Artificial intelligence (AI) hasn’t progressed to the point where all of our day-to-day functions and activities are fully automated and controlled by robots and technology. But our society has integrated recent developments in AI to optimize efficiency and enhance performance across a variety of industries. From fully integrated, AI-driven production lines that increase the supply chain output of Fortune 500 companies, to Amazon Alexa devices that help consumers conveniently order another gallon of milk to their front door, AI’s use in modern day society continues to grow, and the further potential for this technology is expanding exponentially.
One field that will be deeply impacted by AI in the coming years and decades is the automotive industry. With manufacturers rolling out new enhancements yearly for their already iconic brands, they will have to continue to implement AI-driven features, as well as discover new innovative methods of utilizing this technology, to stay ahead of their competitors while shaping the future of how consumers drive cars.
It’s questionable just how much or how quickly these manufacturers will be able to implement AI in their production and business activities, but their long-term effect will reshape the entire action and concept of driving. Here’s a dive into AI manufacturing disruptions in the automotive industry.
Past and current applications of AI in the automotive industry
Since the late 1800s, the automobile has remained a hallmark of design and innovation. Manufacturers dedicate multi-million-dollar budgets each year to improving aesthetic and performance components of an individual car, always yearning to incorporate the latest technological trends and disruptions into their production. There are two primary areas where AI can impact the automotive industry: design and operations.
The successes of AI in design have been clearly advertised across a variety of industries, but those achievements may not be as easily applicable to manufacturing processes in the automotive industry. Wireless communication between manufacturing entities over reliable networks, large scale automated data collection, storage and analysis, and relatively inexpensive access to AI computational power in the cloud are among the current surge of promising technology related to or driven by AI. But automotive manufacturing may more likely be a follower than a leader as the risk of turning over already reliable and efficient manufacturing design and manufacturing decision making to AI-driven technology grows.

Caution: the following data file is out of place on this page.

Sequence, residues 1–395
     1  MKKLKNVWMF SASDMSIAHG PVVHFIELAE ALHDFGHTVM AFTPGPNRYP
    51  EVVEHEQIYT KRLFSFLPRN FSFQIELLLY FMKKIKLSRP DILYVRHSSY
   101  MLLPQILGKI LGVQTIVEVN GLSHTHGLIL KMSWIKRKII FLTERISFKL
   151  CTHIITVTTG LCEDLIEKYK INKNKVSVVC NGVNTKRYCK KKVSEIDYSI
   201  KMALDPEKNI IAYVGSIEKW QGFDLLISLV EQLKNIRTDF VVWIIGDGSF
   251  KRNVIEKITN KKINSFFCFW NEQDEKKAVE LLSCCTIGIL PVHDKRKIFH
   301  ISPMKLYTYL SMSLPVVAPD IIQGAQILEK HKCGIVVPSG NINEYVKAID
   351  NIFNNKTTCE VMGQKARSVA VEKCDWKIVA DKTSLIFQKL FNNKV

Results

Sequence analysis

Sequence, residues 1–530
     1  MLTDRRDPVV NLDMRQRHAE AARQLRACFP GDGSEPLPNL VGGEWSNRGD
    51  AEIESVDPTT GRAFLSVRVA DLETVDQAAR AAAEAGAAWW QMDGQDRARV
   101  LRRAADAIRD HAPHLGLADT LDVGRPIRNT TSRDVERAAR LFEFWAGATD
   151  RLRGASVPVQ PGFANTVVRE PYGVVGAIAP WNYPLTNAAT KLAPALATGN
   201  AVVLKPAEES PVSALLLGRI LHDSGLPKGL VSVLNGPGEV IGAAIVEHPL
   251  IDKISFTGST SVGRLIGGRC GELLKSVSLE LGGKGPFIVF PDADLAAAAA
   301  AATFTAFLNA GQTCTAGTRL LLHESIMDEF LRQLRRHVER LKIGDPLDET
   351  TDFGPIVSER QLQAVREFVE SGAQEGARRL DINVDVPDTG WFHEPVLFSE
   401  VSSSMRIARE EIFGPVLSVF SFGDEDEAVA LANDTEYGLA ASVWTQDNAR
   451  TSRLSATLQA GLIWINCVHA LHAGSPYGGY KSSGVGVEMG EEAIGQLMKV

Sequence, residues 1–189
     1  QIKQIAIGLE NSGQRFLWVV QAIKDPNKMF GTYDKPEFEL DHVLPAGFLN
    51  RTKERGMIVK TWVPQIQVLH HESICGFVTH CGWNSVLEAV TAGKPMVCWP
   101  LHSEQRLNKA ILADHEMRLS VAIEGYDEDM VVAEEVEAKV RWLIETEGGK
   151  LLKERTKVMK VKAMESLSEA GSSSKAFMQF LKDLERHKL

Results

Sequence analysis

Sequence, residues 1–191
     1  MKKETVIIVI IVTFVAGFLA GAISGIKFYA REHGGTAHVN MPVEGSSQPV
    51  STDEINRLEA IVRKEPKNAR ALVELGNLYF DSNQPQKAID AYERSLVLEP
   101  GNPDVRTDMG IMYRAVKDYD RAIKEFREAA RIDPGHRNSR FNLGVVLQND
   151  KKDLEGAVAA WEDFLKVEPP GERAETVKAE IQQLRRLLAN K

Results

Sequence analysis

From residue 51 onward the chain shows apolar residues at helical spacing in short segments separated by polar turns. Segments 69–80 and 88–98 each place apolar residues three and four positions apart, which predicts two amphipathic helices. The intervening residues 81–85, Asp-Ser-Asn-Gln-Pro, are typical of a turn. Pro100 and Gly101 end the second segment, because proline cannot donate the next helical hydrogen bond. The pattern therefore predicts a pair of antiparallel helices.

The more probable disruptive applications of AI in the automotive industry will likely be seen in more intelligent driving-assistance modules ,like AI technology within a driver’s dashboard telling them if there’s a car in their blindspot or if there’s a slow passenger jaywalking across a street 50 yards ahead. This type of AI-driven feature is clearly of the most beneficial offerings AI can present to the automotive industry, but its successful implementation relies on manufacturers, designers, and engineers being able to digitally replicate the years of experience and instinct human drivers have gained while on the road. That type of technology requires a hefty amount of reliable sensor development and computer processing power, which is another hurdle that manufacturers will need to overcome in their future design processes.
Ironically, technology has already affected the design and operation developments of cars without the implementation of AI. Through the power of the Internet of People (IoP), consumers are influencing, if not entirely changing, automotive design through product reviews and peer-to-peer communication. Enough consumer feedback about a manufacturer’s new advanced headlights or interior aesthetic can push an automotive manufacturer to continue or discontinue these features entirely. Where AI in the form of data analytics can make an impact in that realm is how that actual feedback data from consumers are compartmentalized, analyzed, and ultimately implemented to serve an auto manufacturer’s design objectives.